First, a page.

Gerasimos Pitzamanos was born in the Spring of 1787, in Argostoli, Kefalonia. His father, Vincentios Pitzamanos, himself a priest and hagiographer, managed to pass on his love of painting to Gerasimos and his younger brothers, Panagis and Nikolaos. Gerasimos began learning from his father from an early age, a fact which reinforced his religious faith.
The arrival of the Republican French in the Ionian Islands (1797) had an impact on both the education and psyche of the young Pitzamanos. At the age of 17 (1804), he decided to join the engineering corps of the army in Zakynthos. At the same time, he was apprenticed to Nikolaos Kantounis (1767-1834), a skilled hagiographer and portrait painter of the Ionian School. With the rank of captain, he worked as a draftsman for defensive works and in cartography. In 1807, he was transferred to Corfu and worked in the topographic office established by the French commander César Berthier until March 1809, when, ‘On the orders of His Imperial Majesty Napoleon and at the expense of the Ionian Government’, he left for the French Academy of Fine Arts in Rome. There, he met great artists such as the renown neo-classical sculptor Antonio Canova.
Recognition of his talent propelled him to France. There he met important personalities of neo-Hellenic enlightenment, such as Korais, who would recommend him to Neofytos Vamvas as a teacher for the Higher School of Chios. However, Pitzamanos returned to Rome to continue his studies, having ensured a scholarship from Louis XVIII. This time, in addition to architecture and painting he was also occupied with engraving.
Having made just one short visit to Constantinople, accompanying the British Commissioner of the Ionian, he returned to the capital of the Ottoman Empire in 1820, with the aim of going on to Russia. Apart from the support of the Russian Ambassador to Constantinople Count Stroganov, Pitzamanos also managed—due to the intervention of Ioannis Capodistrias, with whom he was in regular correspondence—to send some of his designs to Tsar Alexander I: samples of his architectural work. In the meanwhile, during his stay in Constantinople, he was initiated into the Society of Friends. Following the outbreak of the Greek Revolution, he managed to reach Odessa in 1821.
The period that had begun in Russia was ideal for his professional work. He was continually employed and enjoyed the admiration and respect of eminent individuals. In 1822, he was appointed ‘Architect to the Imperial Court of Tsar Alexander I’ in St Petersburg. However, in 1825, health issues forced him to leave hurriedly for Rome and from there to the Ionian Islands. He died in Corfu in December 1825.
‘Under the conditions of change at the time, I had the misfortune to lose my scholarship and, furthermore, have no contact with home…’
In the memoires of the priest Robert Walsh (1772-1852), an attaché at the British Embassy in Constantinople, there survives a description of an exceptional theatrical performance that was staged in the spring of 1821. The account provides a rare glimpse of the culture, ambitions, and also dangers faced by the Christian population of Constantinople on the eve of the revolution.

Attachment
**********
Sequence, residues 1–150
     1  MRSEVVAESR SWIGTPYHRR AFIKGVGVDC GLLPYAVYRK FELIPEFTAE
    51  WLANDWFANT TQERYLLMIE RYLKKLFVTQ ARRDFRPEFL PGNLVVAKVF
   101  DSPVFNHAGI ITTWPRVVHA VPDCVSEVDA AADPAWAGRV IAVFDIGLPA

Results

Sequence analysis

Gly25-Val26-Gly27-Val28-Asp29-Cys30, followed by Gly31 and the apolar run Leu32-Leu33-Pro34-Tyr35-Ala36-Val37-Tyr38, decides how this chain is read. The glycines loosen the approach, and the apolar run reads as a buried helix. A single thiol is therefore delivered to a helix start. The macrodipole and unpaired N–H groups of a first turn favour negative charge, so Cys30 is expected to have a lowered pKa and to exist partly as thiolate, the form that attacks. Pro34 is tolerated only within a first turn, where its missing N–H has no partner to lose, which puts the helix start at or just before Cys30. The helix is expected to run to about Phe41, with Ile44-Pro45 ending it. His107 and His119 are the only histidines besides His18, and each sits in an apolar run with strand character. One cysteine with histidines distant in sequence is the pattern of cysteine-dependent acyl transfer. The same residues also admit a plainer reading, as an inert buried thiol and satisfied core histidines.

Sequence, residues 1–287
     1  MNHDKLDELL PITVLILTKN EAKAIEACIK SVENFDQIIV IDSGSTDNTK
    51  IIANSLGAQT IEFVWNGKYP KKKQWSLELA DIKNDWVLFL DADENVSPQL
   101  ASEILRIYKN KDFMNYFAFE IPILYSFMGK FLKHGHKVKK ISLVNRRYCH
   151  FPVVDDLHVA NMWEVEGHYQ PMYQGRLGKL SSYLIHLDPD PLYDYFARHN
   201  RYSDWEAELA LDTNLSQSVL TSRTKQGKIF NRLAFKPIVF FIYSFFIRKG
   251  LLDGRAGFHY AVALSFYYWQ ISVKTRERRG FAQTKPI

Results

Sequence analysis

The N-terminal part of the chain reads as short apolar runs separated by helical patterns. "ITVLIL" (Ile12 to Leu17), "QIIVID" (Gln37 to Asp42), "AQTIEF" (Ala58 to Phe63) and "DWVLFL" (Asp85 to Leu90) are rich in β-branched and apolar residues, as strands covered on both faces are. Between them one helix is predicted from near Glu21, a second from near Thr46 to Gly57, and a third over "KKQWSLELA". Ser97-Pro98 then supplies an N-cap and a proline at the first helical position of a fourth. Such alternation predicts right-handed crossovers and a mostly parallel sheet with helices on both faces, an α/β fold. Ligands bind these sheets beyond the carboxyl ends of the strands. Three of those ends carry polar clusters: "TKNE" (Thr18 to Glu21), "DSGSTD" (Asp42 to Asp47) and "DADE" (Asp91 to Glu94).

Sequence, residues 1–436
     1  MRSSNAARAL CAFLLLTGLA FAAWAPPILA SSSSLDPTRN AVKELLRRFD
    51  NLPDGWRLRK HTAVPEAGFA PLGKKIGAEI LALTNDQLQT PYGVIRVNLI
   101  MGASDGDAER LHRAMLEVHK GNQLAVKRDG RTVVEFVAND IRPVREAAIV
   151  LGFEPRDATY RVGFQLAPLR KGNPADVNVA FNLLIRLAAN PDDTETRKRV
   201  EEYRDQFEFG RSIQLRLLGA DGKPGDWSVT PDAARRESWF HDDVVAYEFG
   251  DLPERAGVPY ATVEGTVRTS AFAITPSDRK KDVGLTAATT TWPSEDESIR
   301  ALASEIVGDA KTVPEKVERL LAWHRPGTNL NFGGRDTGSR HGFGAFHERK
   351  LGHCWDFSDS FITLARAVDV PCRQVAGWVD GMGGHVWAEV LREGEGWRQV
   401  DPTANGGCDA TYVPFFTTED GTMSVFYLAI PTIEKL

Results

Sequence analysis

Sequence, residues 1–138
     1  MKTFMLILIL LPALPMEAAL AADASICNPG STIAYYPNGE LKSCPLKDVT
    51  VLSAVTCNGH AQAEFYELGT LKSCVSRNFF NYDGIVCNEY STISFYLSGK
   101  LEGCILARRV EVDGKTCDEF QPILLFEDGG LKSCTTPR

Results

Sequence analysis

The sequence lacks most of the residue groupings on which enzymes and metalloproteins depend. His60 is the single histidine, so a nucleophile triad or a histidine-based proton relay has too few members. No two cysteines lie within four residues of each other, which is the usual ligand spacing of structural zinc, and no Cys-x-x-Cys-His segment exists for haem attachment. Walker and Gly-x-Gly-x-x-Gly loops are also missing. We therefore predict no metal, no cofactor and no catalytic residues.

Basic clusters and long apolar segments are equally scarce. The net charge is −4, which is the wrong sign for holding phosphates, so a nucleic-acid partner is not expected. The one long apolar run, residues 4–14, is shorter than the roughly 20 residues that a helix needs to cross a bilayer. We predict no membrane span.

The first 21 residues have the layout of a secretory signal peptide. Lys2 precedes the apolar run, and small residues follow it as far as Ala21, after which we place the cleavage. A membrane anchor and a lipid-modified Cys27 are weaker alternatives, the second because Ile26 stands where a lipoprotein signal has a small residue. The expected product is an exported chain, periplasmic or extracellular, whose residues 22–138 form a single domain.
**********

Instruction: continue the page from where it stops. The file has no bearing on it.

‘Amongst those that had taken shelter in the embassy gardens was an unfortunate Greek artist by the name of Pitzamanos, from Corfu. He lived [at that time] in Constantinople, practising his art, and, as he had had some classical education, he utilised it in a variety of ways in his work. Amongst other things, he had proposed to his neighbours that they stage an ancient Greek tragedy, promising that he himself would see to the scenery and costumes. His idea was accepted, but, instead of a work by Euripides or Sophocles, they chose one more modern, written by some Greek in Venice, which dramatised events during the fall of Constantinople to the Turks and the slaughter of Greeks who had sought sanctuary in Agia Sofia. However, at that time the Turks were suspicious of everything. The guard raided the theatre. The audience had time to escape, but the owner of the house that had been loaned for the performance was immediately arrested. He was a pharmacist in Pera. He vainly tried to explain that he had loaned the house to others without knowledge of the use to which it would be put: they beheaded him in front of his own pharmacy. The artist who had managed the costumes and scenery was considered a serious agitator for revolutionary ideas and was targeted by the Turks. He headed straight for the British Embassy building, where he remained hidden for several days. When we discovered him, bearing in mind the prevalent conditions, we tried to provide him with work. Unsure of how much longer our own heads would remain on our shoulders, we decided to record them in some fashion, to send them as souvenirs to our friends back home. And so, we commissioned him to paint our portraits. He succeeded exceptionally well, although there were moments he was overtaken by shock and was forced to stop until his hands no longer trembled. The money he made from this enterprise was used to secure a birth on one of the ships that, ignoring the danger, continued to transport escapees. One evening, he boarded a Russian trading vessel, where he hid in a chest, to reach Odessa safely. From there, he continued to St Petersburg, where he successfully practised his art.